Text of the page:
Breast Cancer Self-Exam with Dr. Lauren Carcas | Health Channel - Health Channel


Breast Cancer Self-Exam with Dr. Lauren Carcas | Health Channel |

Breast Cancer Self-Exam with Dr. Lauren Carcas | Health ChannelWhen women know their breasts, they can recognize when something changes. In an interview with the Health Channel, Dr. Lauren Carcas, Medical Oncologist with the Miami Cancer Institute, shares how often women should check their breasts and what they should be looking for. 

Dr. Carcas stresses that self-breast exams should always be an important part of the conversation about breast cancer awareness, especially because most screening guideline organizations do not recommend self-breast exams, even though most clinicians do. Dr. Carcas explains that in order for a practice to be part of any official guidelines, they need to result in some type of overall positive lifetime survival outcome, and self-testing is difficult to evaluate on those terms. 

Though self-exams are not a part of any screening guidelines, Dr. Carcas says that “when women know their breasts, they know when something changes, and they can advocate for themselves.” Dr. Carcas recommends that her patients feel their breasts at least once a month and notice if there are any changes. “Do you have a mass? Is it growing? Is it persistently growing? Do you have skin changes? Is your nipple inverted? Are there any skin coloration changes? All of those are important evaluations to know, could this potentially be cancer?” Dr. Carcas states.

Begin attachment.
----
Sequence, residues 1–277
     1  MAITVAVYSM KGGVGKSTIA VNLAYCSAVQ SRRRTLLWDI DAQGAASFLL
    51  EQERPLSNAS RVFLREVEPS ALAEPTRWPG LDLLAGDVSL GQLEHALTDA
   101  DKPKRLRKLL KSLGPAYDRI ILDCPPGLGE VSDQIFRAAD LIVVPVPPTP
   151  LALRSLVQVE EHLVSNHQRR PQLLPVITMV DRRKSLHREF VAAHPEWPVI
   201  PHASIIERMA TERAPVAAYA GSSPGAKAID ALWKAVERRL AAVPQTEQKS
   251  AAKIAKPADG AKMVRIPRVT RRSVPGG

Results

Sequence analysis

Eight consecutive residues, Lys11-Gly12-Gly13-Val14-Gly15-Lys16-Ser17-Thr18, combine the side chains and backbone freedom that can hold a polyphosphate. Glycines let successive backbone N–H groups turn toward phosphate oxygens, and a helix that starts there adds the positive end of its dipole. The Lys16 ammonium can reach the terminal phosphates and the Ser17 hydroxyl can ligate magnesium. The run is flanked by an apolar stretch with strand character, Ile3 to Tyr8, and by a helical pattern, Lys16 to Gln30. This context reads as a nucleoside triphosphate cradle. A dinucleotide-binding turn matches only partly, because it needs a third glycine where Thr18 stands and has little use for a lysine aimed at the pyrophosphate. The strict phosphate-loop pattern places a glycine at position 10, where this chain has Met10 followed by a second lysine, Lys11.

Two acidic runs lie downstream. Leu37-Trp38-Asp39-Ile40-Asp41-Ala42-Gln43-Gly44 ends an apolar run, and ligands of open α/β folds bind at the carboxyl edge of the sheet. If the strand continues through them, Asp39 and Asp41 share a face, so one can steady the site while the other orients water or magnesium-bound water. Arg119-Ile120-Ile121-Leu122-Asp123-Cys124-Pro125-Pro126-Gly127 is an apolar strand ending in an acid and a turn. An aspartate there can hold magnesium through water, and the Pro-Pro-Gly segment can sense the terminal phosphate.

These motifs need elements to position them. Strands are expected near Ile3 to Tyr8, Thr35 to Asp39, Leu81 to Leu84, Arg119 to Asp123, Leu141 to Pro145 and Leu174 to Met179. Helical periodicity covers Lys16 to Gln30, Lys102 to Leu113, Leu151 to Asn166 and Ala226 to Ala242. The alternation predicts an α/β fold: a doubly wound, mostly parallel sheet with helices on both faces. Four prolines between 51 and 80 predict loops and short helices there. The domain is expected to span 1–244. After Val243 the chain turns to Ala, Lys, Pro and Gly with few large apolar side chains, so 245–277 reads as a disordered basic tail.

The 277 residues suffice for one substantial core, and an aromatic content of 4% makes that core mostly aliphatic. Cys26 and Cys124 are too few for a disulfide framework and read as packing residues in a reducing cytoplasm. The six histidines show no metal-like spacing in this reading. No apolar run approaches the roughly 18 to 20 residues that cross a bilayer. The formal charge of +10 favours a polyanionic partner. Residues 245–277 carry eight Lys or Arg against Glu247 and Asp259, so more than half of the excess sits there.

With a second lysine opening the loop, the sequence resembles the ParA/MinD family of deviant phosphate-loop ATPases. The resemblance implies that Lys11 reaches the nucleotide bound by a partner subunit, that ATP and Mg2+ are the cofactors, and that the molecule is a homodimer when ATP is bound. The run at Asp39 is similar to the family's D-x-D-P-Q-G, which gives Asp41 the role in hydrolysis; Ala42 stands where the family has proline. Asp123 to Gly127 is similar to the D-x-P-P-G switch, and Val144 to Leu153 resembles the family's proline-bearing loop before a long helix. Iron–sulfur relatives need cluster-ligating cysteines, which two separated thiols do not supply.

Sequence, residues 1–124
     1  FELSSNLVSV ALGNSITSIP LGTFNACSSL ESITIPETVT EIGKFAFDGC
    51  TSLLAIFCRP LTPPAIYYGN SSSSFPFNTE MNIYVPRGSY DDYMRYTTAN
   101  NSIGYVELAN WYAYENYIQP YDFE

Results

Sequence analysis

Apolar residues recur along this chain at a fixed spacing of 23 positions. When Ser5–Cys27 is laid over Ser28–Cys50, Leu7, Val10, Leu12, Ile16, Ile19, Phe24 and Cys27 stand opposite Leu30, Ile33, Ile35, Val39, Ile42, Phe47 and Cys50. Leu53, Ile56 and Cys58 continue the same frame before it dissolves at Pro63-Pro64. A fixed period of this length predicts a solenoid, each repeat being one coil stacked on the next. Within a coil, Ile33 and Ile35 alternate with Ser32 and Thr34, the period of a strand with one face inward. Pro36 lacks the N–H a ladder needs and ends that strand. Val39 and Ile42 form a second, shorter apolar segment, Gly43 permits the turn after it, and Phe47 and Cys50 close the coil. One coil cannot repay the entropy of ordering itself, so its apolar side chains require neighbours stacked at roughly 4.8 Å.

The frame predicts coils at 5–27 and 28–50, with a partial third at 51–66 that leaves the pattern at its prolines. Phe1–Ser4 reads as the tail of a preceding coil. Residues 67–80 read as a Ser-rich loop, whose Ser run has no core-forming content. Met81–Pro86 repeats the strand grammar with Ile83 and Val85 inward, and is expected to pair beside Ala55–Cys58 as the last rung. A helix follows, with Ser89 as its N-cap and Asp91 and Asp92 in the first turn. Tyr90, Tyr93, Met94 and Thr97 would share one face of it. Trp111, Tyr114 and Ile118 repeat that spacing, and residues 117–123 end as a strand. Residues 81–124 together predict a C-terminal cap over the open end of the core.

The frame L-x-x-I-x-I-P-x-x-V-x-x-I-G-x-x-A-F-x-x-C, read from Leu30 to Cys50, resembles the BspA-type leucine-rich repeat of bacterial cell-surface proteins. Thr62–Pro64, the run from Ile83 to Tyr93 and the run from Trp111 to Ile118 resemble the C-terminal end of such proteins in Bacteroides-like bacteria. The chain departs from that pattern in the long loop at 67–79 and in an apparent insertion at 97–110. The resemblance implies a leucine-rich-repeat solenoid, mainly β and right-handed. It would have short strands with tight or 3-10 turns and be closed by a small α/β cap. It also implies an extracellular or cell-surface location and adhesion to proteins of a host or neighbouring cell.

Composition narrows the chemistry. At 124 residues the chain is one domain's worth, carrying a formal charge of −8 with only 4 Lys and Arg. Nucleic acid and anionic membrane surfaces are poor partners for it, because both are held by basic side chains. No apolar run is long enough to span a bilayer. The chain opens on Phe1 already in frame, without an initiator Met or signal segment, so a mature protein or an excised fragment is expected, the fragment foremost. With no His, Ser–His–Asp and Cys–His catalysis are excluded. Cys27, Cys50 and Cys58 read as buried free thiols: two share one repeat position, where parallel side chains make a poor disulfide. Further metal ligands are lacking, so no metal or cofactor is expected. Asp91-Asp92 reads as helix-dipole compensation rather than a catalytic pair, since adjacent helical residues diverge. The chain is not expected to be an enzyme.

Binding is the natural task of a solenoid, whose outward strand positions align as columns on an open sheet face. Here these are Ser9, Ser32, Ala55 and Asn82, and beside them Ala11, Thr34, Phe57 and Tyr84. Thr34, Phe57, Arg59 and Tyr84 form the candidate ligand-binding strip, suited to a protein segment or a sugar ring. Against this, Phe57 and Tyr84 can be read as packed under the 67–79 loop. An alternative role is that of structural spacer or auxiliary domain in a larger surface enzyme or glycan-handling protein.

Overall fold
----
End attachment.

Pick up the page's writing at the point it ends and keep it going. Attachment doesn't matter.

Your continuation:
For young women, Dr. Carcas explains that it can be harder to spot breast cancer because younger women tend to have lumpy breasts. This is why being familiar with your breasts is important so that way if you feel a lump, you will know if it is a lump that was not there before, or if it is growing. “I really think, particularly in my practice, because I have a very young practice, I have a lot of women that are less than 40 years old diagnosed with breast cancer,” Dr. Carcas explains, “So, they don’t even meet the guideline criteria for screening at that point.” If women monitor their own bodies, they can advocate for themselves and receive evaluations that might otherwise not be given. 

To watch the full segment of Dr. Lauren Carcas explaining the importance of breast self-examinations, watch here: 

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